Orthodox Graves JordanvilleDeath has one characteristic in common with love: it, like love, works a profound change in many that experience it and go on living. A mother after a funeral goes to the graves of her children. Who goes there? The children in the mother’s soul, with the mother, go to their graves. In a mother’s soul, the mother lives only in one little corner; all the rest is a palace for the souls of the children taken from her.

So it is with Christ, though to an immeasurably greater extent. He submitted to the confines of the grave so that men, His children, should know the spaciousness of the limitless palace of Paradise.

A mother goes to the graves of her children, as though to raise them to life in her soul, to redeem them by her tears, to have compassion on them by her thoughts. A mother’s love saves her children from disappearance and annihilation in this world, at least for a time.

The Lord, humiliated and spat upon, succeeded, through bowing to His Cross and Tomb, in truly raising the whole human race by His love, and saving it forever from vanishing away and being annihilated. Christ’s act is incomparably greater than the act of any lonely mother in the world, His love for the human race being immeasurably greater than the love of any mother in the world for her children.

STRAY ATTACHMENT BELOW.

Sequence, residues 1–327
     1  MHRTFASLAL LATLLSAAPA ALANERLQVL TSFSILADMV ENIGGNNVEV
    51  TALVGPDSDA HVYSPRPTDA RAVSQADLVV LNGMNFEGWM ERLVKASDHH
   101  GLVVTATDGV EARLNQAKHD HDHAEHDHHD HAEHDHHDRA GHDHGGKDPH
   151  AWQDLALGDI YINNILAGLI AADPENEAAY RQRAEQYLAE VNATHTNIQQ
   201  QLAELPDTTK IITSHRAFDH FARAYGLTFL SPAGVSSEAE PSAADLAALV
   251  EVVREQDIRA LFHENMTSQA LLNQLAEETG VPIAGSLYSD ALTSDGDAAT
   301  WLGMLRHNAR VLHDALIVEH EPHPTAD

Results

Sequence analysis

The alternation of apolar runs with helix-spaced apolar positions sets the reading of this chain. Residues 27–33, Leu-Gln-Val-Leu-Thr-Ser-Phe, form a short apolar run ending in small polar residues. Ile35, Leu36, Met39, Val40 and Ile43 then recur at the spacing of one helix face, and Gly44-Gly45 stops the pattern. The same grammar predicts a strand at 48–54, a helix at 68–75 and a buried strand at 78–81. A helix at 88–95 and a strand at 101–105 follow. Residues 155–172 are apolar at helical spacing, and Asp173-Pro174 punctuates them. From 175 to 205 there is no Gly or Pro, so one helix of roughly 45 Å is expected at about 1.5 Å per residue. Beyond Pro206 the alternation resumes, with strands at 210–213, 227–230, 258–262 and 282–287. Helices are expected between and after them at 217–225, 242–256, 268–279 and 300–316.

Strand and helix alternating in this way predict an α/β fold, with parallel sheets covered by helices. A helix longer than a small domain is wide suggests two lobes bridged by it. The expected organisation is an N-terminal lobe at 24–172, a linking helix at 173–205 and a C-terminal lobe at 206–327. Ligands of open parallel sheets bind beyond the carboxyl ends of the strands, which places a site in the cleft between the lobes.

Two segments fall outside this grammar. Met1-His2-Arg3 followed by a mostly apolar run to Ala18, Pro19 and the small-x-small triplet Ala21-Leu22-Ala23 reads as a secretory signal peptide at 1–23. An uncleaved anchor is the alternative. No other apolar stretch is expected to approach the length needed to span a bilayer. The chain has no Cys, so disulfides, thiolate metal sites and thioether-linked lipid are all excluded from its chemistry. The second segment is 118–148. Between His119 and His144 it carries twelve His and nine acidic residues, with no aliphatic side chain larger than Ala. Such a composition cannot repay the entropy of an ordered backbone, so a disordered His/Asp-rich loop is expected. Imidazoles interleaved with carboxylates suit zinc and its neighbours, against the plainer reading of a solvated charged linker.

Theotokos Softener Evil HeartsAlthough a mother, out of her great love and sorrow, always has tears to shed, she takes her remaining tears with her when she herself goes down into the grave. The Lord Jesus, though, shed all His tears for His children, to the last drop – and all His blood to the last drop. Never, O sinner, will more precious tears be shed for you, neither living nor dead. Never will a mother, or wife, or children, or homeland, pay more for you than Christ the Saviour paid.

O poor and lonely man – do not say: who will mourn for me when I die? Who will weep over my dead body? Lo, the Lord Christ has mourned for you and wept over you, both in life and in death, more whole-heartedly than your mother would for you.

It is not fitting to call those dead for whom Christ, in His love, suffered and died. They are alive in the living Lord. We shall all know this clearly when the Lord visits the graveyard of this world for the last time, and the trumpets sound.